Stan Lee, the American comic writer who co-created Marvel superheroes Spider-Man, Thor, The Hulk and the X-Men, died in Los Angeles on Monday, according to The Hollywood Reporter. He was 95 and had suffered several illnesses in recent years.
“He felt an obligation to his fans to keep creating,” his daughter JC Lee told Reuters in a statement. “He loved his life and he loved what he did for a living. His family loved him and his fans loved him. He was irreplaceable.”
Lee was born Stanley Martin Lieber in Manhattan in 1922. At 17, he started writing scripts for superhero and mystery comics at a publishing firm. Two years later, he wrote a two-page story for Jack Kirby and Joe Simon’s Captain America No. 3, using the pen name Stan Lee. The same year, he was named the interim editor after the previous editor quit.
Lee collaborated with artists such as Kirby and Steve Ditko to create a galaxy of superheroes including the Fantastic Four, Iron Man, Captain America, Doctor Strange, Black Panther, Daredevil and Ant-Man. Lee’s world of superheroes expertly straddled books and movies, and his imagination and writing made Marvel a formidable Hollywood franchise.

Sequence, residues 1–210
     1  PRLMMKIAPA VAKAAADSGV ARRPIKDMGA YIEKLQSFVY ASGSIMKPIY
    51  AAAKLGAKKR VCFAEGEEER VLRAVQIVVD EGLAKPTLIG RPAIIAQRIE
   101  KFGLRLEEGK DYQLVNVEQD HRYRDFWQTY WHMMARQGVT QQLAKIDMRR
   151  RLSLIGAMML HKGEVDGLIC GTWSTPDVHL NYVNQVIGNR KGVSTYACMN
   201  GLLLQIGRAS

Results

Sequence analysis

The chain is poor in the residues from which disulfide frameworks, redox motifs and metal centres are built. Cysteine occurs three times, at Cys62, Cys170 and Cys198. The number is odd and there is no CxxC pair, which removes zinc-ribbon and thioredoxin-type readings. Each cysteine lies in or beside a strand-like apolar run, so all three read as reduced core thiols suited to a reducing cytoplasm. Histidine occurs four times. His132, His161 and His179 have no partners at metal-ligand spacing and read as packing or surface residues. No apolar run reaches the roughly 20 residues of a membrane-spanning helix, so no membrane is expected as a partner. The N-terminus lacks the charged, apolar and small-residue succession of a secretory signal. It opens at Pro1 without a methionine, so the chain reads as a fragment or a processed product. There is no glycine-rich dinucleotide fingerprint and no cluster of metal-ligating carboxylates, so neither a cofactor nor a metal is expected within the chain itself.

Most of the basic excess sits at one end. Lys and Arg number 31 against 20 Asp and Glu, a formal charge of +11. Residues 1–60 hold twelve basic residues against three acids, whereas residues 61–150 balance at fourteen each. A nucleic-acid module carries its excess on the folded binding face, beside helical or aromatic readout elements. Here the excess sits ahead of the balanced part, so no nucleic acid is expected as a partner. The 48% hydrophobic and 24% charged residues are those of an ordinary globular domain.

Disney bought Marvel Entertainment in 2009, and Lee made cameo appearances in almost every Marvel movie. “Stan Lee was as extraordinary as the characters he created,” said Walt Disney Chairman and Chief Executive Officer Bob Iger. “The scale of his imagination was only exceeded by the size of his heart.”
“No one has had more of an impact on my career and everything we do at Marvel Studios than Stan Lee,” Marvel Studios President Kevin Feige said. “Stan leaves an extraordinary legacy that will outlive us all.”
Several celebrities paid tributes to Lee as news of his death broke on Monday morning. “There will never be another Stan Lee,” said Chris Evans, who starred as Captain America in the recent Marvel movies. “For decades he provided both young and old with adventure, escape, comfort, confidence, inspiration, strength, friendship and joy.”